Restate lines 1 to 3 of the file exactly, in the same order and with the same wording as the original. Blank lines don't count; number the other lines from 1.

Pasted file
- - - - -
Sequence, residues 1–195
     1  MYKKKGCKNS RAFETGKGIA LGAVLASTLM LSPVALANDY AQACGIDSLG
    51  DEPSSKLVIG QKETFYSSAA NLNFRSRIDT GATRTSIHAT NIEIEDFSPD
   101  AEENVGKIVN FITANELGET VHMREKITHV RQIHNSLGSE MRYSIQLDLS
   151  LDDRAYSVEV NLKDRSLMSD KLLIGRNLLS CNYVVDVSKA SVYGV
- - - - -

Sequence, residues 1–195
     1  MYKKKGCKNS RAFETGKGIA LGAVLASTLM LSPVALANDY AQACGIDSLG
    51  DEPSSKLVIG QKETFYSSAA NLNFRSRIDT GATRTSIHAT NIEIEDFSPD